Substep 2 was syncing everything with the music. I’m not a very good mixer and my musical ear is terrible, so I went for the simple option of having large sections of the songs accompany the trailer (the first 20 seconds, for instance, are pretty much one continuous bit of music with no background). I used bits of both songs as appropriate: the more sombre one went at the end, and since it didn’t sound spiffy enough, I added harmonics of the first one in the background, as a reminder. Imovie is pretty flexible here, allowing you to mix stuff in the main window, and to set up the transitions from one bit of music to another. One important thing on this step was making sure, as much as possible, that the transitions from one image to another corresponded to musical beats. It wasn’t always possible to do that and keep the text readable, but I did my best to make it seem as though the music and the images were on the same page, so to speak.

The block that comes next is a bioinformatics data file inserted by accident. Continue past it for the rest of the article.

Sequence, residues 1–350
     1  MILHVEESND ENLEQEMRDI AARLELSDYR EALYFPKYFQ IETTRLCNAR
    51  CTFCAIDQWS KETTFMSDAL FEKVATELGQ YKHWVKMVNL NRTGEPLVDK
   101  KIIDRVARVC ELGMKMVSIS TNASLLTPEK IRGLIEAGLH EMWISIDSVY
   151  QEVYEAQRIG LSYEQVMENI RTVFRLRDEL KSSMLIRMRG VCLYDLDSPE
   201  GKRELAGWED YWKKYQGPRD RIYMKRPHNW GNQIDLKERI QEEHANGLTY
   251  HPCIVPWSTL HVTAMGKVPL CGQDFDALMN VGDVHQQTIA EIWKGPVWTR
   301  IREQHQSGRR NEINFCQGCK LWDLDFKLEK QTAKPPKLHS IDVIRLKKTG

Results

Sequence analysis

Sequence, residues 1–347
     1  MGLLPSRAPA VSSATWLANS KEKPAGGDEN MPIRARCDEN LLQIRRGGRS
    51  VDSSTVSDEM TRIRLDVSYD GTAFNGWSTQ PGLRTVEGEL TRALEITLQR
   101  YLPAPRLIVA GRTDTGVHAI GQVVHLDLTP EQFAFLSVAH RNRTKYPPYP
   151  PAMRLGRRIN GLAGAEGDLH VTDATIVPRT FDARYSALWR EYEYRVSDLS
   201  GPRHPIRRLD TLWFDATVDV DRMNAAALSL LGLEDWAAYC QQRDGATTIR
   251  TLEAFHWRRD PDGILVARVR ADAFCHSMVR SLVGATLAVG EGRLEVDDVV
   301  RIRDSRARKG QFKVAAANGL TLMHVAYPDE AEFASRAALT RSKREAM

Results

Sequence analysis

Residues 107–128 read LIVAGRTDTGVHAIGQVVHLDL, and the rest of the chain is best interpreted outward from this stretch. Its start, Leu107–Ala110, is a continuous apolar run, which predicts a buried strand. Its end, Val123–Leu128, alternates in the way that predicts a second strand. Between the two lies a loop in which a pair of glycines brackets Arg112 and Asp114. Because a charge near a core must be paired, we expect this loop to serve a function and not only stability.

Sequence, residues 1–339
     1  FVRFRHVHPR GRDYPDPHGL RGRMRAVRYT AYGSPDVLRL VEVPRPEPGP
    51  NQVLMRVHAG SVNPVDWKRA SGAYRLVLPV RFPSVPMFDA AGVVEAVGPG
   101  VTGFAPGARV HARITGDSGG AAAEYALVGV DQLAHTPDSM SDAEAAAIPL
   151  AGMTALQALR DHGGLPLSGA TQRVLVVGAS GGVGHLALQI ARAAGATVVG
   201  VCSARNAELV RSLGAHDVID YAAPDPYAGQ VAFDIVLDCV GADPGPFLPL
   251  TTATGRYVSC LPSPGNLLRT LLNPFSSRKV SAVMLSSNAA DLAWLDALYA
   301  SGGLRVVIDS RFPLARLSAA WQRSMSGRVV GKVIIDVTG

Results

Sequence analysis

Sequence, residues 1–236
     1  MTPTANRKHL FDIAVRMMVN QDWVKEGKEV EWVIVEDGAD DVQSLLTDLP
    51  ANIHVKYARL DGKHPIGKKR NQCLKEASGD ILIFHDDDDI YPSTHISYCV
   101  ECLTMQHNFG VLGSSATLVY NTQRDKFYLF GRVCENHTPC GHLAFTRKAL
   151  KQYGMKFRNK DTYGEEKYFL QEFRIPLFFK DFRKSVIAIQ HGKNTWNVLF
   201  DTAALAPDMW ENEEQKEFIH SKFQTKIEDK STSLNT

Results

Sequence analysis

imovie has the advantage of being free, but it does have a few flaws. By far the most annoying was that while I could place text on the images, I had a very limited amount of control of where to place the said text (which is a problem when the images are very colourful and detailed); and, having satisfactorily placed the text, a very limited amount of control on how the text arrived (fast, slow, blending in…) I did my best, but there are still placements I’m not satisfied with. Similarly, the Ken Burns effects could be annoying to set up; and the duration of effects couldn’t be tweaked below a certain resolution, making it hard to sync the music as finely as I’d have wanted to.

Of course, this was the part where I put the cap in: particularly, the book cover, the availability date, and the credits. The credits went between the unveiling of the cover and the release date, because it’s smarter to end the movie on a reminder of when you can buy my book; but I didn’t want to skimp on attributions for the stuff I’d downloaded.